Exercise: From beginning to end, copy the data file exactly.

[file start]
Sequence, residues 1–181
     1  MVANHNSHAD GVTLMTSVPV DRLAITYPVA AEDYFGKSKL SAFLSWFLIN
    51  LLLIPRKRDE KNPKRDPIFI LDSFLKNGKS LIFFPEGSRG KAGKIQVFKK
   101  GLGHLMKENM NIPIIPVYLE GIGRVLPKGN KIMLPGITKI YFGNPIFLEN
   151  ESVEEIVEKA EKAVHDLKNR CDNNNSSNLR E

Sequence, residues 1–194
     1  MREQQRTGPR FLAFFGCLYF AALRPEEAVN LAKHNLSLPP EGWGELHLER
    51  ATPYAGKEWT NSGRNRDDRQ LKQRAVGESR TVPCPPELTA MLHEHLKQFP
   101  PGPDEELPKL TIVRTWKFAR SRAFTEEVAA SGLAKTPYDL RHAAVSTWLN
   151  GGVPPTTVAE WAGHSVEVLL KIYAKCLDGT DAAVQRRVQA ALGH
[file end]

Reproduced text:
Sequence, residues 1–181
     1  MVANHNSHAD GVTLMTSVPV DRLAITYPVA AEDYFGKSKL SAFLSWFLIN
    51  LLLIPRKRDE KNPKRDPIFI LDSFLKNGKS LIFFPEGSRG KAGKIQVFKK
   101  GLGHLMKENM NIPIIPVYLE GIGRVLPKGN KIMLPGITKI YFGNPIFLEN
   151  ESVEEIVEKA EKAVHDLKNR CDNNNSSNLR E

Sequence, residues 1–194
     1  MREQQRTGPR FLAFFGCLYF AALRPEEAVN LAKHNLSLPP EGWGELHLER
    51  ATPYAGKEWT NSGRNRDDRQ LKQRAVGESR TVPCPPELTA MLHEHLKQFP
   101  PGPDEELPKL TIVRTWKFAR SRAFTEEVAA SGLAKTPYDL RHAAVSTWLN
   151  GGVPPTTVAE WAGHSVEVLL KIYAKCLDGT DAAVQRRVQA ALGH